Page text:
Leaf Seligman tells a powerful story in this TEDx talk about the ways in which the stories we tell can make and break connection, can draw us beyond the “either/or” worlds too many of us inhabit.
Maria Popova has a lovely reflection on Neil Gaiman’s lecture on “How stories last.” Both are definitely worth the time!
An inspiring story from the World Association of Christian Communicators that explains how to support storytelling with women as a means to empower women.
Guestbook “is an international project committed to transforming hostility into hospitality, enmity into empathy, conflict into conversation.” It has created room to exchange stories by inviting young people in divided communities throughout the world to tell their own stories, listen to the other side, and create a new history.
Storytelling can be profoundly powerful — powerful enough to change the ways in which we see each other. Geek Club Books is a nonprofit devoted to using storytelling to engage autism. They have a ton of useful resources on their website, as well as support for younger writers.
Here is a powerful example of two young women sharing their stories of faith through spoken word:
Sometimes people worry that getting children involved in interfaith work could be confusing, or cause them to doubt their own community’s stories. Actual practice suggests otherwise, with children actually being drawn more deeply into their own community’s stories, even as they engage others with respect. Here’s an example, from a group based in Albany, NY: …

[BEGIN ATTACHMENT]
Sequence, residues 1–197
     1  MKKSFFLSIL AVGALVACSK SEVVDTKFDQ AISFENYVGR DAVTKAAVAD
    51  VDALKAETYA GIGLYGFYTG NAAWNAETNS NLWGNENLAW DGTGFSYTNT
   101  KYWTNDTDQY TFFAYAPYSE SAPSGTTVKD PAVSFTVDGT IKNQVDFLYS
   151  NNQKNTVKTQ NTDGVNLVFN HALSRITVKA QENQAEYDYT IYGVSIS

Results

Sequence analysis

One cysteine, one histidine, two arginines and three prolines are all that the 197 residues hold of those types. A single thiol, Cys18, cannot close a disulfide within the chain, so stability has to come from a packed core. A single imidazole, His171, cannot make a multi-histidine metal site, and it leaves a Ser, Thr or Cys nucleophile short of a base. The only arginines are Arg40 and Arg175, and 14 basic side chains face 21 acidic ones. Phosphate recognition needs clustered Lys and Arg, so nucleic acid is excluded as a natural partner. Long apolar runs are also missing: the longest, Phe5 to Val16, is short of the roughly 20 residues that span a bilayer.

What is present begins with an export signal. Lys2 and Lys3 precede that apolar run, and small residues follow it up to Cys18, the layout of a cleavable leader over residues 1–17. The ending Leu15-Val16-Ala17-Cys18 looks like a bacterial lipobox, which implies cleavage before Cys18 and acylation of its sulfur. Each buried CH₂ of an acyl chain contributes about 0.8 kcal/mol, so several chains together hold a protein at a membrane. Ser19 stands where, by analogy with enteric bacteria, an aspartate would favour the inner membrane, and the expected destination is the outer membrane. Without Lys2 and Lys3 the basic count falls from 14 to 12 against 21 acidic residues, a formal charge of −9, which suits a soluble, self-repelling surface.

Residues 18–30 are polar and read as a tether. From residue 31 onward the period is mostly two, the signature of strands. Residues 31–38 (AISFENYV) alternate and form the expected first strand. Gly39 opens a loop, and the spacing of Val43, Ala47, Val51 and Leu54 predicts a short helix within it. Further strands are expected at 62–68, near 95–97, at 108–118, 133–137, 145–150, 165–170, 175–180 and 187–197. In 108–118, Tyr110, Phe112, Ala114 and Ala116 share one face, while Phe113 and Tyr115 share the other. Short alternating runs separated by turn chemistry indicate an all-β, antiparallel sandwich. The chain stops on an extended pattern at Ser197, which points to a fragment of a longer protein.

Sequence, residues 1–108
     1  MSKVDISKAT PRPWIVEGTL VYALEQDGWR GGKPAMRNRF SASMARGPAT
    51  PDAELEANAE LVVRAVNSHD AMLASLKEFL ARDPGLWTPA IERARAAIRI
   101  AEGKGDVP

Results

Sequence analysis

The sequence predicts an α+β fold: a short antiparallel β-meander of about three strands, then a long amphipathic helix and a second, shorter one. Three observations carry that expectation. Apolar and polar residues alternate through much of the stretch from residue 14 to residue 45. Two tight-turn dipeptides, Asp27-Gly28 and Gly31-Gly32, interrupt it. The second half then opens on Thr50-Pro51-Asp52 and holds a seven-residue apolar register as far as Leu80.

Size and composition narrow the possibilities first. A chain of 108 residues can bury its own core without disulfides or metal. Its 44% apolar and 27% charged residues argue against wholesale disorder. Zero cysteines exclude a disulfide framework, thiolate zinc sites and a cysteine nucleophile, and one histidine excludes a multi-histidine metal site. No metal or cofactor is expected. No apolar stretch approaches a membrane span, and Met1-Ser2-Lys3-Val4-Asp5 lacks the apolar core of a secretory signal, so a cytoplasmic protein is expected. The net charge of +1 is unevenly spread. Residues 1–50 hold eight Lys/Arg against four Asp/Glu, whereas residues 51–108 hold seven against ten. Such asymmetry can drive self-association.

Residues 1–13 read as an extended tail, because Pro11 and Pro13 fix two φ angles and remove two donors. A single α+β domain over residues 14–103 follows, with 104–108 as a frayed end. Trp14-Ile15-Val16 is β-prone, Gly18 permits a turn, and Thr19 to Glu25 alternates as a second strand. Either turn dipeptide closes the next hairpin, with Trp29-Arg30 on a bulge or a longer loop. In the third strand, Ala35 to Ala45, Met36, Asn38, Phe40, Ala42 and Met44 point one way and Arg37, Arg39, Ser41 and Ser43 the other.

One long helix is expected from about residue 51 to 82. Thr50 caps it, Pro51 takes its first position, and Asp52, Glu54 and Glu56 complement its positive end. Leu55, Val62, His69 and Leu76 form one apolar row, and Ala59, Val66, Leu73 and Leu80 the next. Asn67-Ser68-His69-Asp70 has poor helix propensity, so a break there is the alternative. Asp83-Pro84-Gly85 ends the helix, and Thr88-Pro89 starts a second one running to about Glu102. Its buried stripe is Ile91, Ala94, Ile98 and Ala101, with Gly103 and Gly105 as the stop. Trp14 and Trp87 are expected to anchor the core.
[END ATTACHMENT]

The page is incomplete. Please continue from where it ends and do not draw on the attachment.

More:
The Fund for Theological Education has an excellent short — and free! — resource for embodying something they label “vocation care.” The guide has within it some powerful story prompts that get at faith formation questions, as well as useful tools and background theories for engaging them well. Look at pp. 16-29 in particular.
Here’s a story that’s a bit different from the typical story I post here, but a kind of nice example of how to put music and text together in a compelling way:
The Benedictine community originated lectio divina, which is a practice of slow, meditative, reflective engagement with scripture. The Benedictine community of St. John’s Abbey in Collegeville has been the source of the first hand illuminated Bible in 500 years — the St. John’s Bible. They have also explored a form of lectio that works with …